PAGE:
For Sharma, walking away is sometimes just good medicine. “Ethics are very important, your morality,” he says. “But you need to use your judgment also. If it’s beyond repair, angioplasty is not a solution for every patient. The key is that you need to make a medical decision.”
Heart surgery is one of the few things hospitals do that turn a consistent profit. Faced with a lucrative new game to play, hospitals and doctors are playing to win.
The problem with decisions is that not every doctor makes wise ones—and “futility” is a matter of opinion. David Adams, who came from the Brigham and Women’s Hospital at Harvard a few years ago to chair the heart-surgery program at Mount Sinai, remembers a young woman who came to his office late last spring. Her age and her overall health made her seem like a low risk on paper, but before she’d come to see him she’d had an infection in her heart valve that caused a leak that in turn sent her spiraling into gross heart failure. To take on her case, doctors essentially would have had to rebuild the whole top of her heart. Several surgeons turned her down; whether it was because of the risk of public exposure or the practice of good medicine is an open question.
But in Adams’s office, he has a card from the woman. “How grateful I am,” she writes, “that you said yes . . . when other doctors didn’t want to take the risk.”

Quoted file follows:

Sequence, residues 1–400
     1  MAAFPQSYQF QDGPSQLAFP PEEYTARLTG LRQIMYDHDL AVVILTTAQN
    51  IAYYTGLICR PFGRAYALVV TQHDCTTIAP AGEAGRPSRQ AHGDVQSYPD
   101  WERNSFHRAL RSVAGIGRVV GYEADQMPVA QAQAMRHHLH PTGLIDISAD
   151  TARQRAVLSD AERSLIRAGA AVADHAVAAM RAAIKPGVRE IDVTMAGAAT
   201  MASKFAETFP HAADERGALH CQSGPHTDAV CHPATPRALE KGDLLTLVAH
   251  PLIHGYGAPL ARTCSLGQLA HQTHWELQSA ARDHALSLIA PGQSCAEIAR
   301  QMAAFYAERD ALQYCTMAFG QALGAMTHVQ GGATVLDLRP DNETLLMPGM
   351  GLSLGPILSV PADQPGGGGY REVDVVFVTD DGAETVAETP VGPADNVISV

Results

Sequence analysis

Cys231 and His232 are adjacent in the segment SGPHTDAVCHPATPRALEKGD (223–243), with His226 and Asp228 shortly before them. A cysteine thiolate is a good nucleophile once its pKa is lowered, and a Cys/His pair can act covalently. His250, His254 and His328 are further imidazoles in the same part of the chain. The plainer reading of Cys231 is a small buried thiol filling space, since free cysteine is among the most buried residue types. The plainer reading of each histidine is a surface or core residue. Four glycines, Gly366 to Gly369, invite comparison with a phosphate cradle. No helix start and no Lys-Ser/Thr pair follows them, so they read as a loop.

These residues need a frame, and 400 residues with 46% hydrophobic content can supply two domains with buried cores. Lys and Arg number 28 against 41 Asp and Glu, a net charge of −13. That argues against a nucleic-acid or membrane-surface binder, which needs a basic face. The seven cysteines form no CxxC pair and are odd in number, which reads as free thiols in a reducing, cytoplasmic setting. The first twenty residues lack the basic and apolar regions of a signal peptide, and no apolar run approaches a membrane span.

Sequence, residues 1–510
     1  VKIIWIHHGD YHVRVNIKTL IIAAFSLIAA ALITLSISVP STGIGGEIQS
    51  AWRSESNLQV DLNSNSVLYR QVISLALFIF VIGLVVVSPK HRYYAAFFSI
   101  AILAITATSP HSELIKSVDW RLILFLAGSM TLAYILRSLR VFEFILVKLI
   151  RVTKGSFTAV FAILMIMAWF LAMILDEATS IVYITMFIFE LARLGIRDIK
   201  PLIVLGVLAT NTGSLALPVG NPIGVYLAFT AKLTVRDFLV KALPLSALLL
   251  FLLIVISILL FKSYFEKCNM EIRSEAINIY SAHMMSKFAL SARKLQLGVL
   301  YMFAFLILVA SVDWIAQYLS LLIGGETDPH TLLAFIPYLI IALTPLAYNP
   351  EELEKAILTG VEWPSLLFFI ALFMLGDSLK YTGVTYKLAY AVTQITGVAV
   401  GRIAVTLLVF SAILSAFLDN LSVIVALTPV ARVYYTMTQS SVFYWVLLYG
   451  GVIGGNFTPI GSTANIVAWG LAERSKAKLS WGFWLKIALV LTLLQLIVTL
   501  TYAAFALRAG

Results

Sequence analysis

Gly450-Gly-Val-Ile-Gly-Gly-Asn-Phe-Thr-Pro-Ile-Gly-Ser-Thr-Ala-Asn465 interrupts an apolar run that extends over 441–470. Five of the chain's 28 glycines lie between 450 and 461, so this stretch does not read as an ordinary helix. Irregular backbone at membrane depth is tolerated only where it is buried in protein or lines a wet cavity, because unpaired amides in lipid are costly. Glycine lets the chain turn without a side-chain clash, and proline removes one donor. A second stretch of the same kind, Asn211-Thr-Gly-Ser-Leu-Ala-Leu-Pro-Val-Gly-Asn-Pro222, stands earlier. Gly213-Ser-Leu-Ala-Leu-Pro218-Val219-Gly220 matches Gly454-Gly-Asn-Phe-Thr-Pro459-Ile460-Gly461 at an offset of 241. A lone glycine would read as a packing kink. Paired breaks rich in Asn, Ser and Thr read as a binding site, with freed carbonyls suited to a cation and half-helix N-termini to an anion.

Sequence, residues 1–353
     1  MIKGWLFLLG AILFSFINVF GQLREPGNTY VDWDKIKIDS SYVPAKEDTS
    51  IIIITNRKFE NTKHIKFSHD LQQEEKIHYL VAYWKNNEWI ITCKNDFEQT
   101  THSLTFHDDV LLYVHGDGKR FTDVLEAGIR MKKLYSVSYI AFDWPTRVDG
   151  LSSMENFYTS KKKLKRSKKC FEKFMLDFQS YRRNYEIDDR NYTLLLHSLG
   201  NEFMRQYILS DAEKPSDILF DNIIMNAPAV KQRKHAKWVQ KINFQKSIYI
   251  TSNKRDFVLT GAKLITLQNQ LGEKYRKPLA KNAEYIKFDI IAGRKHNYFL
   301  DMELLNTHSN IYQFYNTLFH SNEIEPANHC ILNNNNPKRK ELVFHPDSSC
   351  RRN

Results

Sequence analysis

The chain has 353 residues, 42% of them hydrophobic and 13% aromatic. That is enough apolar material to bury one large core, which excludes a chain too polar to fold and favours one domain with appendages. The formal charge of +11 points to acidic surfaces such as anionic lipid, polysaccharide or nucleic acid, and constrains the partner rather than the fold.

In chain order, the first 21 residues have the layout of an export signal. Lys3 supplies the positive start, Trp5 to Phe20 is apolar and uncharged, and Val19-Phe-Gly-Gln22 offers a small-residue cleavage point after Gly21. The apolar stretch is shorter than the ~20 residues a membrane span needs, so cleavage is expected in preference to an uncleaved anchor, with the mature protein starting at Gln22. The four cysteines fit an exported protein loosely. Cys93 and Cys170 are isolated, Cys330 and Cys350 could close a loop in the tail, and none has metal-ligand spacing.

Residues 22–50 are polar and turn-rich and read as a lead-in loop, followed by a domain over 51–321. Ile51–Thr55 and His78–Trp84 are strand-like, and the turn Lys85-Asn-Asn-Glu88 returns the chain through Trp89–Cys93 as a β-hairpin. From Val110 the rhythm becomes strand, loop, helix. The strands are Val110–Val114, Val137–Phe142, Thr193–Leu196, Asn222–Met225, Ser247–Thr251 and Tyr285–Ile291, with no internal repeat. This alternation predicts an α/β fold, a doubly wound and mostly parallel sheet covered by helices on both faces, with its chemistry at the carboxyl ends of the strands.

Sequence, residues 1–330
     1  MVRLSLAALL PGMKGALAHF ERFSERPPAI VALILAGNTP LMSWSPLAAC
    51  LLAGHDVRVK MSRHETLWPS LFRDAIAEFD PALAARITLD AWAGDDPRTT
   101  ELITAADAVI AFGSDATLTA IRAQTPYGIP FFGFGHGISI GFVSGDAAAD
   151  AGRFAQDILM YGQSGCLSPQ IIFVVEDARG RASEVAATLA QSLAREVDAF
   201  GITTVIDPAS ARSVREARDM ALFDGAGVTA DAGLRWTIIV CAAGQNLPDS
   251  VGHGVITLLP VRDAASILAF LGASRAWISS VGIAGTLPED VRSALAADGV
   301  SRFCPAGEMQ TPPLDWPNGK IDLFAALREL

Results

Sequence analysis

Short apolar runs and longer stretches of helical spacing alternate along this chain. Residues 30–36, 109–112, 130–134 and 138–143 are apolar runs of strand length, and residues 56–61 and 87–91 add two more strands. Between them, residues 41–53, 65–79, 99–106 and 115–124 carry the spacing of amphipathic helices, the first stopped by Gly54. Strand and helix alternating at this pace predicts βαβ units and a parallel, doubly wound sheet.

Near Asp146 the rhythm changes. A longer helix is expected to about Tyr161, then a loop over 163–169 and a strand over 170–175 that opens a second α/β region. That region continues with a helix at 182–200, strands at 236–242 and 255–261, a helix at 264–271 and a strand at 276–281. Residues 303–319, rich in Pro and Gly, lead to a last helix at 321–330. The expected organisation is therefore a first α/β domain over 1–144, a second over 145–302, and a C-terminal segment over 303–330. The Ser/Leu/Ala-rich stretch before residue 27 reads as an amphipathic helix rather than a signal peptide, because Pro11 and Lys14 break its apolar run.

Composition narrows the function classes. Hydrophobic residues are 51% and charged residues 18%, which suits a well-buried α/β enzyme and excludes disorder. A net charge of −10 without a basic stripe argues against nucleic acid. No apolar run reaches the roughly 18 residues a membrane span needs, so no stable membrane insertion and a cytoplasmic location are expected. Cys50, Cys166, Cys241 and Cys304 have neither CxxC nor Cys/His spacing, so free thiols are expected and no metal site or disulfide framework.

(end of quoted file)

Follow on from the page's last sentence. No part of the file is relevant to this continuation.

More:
Ed Hannan continues to be a part of the counterefforts to keep surgeons from gaming the system, overseeing the risk-adjustment formulas as a department chair at the SUNY–Albany School of Public Health. The report cards, he concedes, are still a work in progress, and he has some thoughts on how they might change. “Some of the cardiologists say that shock patients”—the ones that are four times as likely to get angioplasty in Michigan than in New York—“should be omitted from public scrutiny for angioplasty,” he says. “I think that’s worthy of continued examination.”
Even Samin Sharma, the darling of public reporting, would like to remove patients in shock from the reporting sample. He’d also like to include non-heart-related ailments like cancer as risk adjustments, to remove the temptation to pass such patients along. But the state committee of heart surgeons that vets the data won’t have it. One chief problem appears to be that it would make more work for the committee. “The people voting on this,” Hannan acknowledges, “would be the ones sent these cases to vet them.”
In recent years, Hannan’s report cards have become a model for the increasingly popular “pay for performance” system of health care, in which private health insurers keep track of medical outcomes and direct their patients (and coverage) to hospitals and surgeons that excel. If New York’s experience is any indication, that could mean improvements in every field from cancer care to obstetrics. For all the potential flaws of public reporting, Hannan insists, “states that have public report cards have lower mortality rates.”
It’s just as likely, of course, that a new era of public reporting could also bring a wave of widespread gaming. “I’ve been speaking to hospitals and health-care companies about this,” says David Dranove. “It’s on everybody’s lips. Everybody thinks this is important. You can’t measure success based on the risk-adjusters that are being used for the report cards. If you do, you’ll think you’re doing better than you are.”